Yes,you spotted it. the Greek temple just north of the Place de la Concorde is La Madeleine. Such a melodic tone to the word,isn't it? The large building's actually a Roman catholic Church dedicated to saint Mary Magdalene.
The French Meaning of Magdalene is Magdeleine and such,its the name of this edifice. It style was based on the Pantheon and definitely occupies a commanding position in the 8th arrondissement of Paris. Its inspiration was the Maison Carre in Nimes,one of the best preserved Roman temples.
It is staggering in size ,and was crafted in superb workmanship. There are no less than 52 Corinthian columns surrounding the temple,each scaling 20 meters. Get your rug-rats to count all of them or play peek-a-boo behind them. At the front, the columns are topped with sculpted frieze and the base-relief on the bronze doors which represent the 10 commandments are something to behold .
The church has a single nave with three domes over wide arched bays ,lavishly gilded. It takes time to take it all in. Its huge and sublimely grand. The temple facade counterbalances the colonnaded facade of the Palais Borbon across the river.
Walk behind the alter and you find the large statue depicting the ascension of Mary Magdalene. I love pipe organs any time and this one is used frequently for concerts which are held here. The acoustics are terrific. For those religious Mass is conducted everyday and the joint is booked out for weddings and funerals.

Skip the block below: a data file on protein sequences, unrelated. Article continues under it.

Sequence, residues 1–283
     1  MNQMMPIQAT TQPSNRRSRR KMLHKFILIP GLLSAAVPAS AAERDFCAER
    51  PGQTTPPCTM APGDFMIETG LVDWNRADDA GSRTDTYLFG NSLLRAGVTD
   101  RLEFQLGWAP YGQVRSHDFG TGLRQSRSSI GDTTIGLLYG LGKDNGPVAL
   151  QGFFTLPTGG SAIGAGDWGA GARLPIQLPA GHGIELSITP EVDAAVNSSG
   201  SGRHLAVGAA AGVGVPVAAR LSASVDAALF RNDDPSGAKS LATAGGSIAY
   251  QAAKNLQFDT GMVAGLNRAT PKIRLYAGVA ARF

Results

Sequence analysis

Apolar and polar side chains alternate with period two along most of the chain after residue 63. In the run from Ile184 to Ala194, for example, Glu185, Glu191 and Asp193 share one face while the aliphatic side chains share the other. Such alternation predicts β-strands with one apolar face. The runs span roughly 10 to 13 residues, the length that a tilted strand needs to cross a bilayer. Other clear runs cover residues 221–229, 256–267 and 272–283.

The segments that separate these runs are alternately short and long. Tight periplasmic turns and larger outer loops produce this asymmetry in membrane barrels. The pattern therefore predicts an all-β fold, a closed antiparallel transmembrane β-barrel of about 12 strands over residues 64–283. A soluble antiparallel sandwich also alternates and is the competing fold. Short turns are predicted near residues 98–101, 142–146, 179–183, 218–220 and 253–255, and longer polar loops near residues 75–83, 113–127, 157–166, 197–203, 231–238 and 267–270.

To get here, find your bearings for Place de la Concorde Palais garnier and before long you will be situated at Place de La Madeleine, facing the columns.
PS. There is a restaurant open 11.30- 2.00pm and for an annual subscription of a meagre Three euros, you can dine under the superb vaulted ceiling, on a three-course French meal served by volunteers for the price of 7.5 euros....... its a bargain and very tasty as well. Bon appetite .
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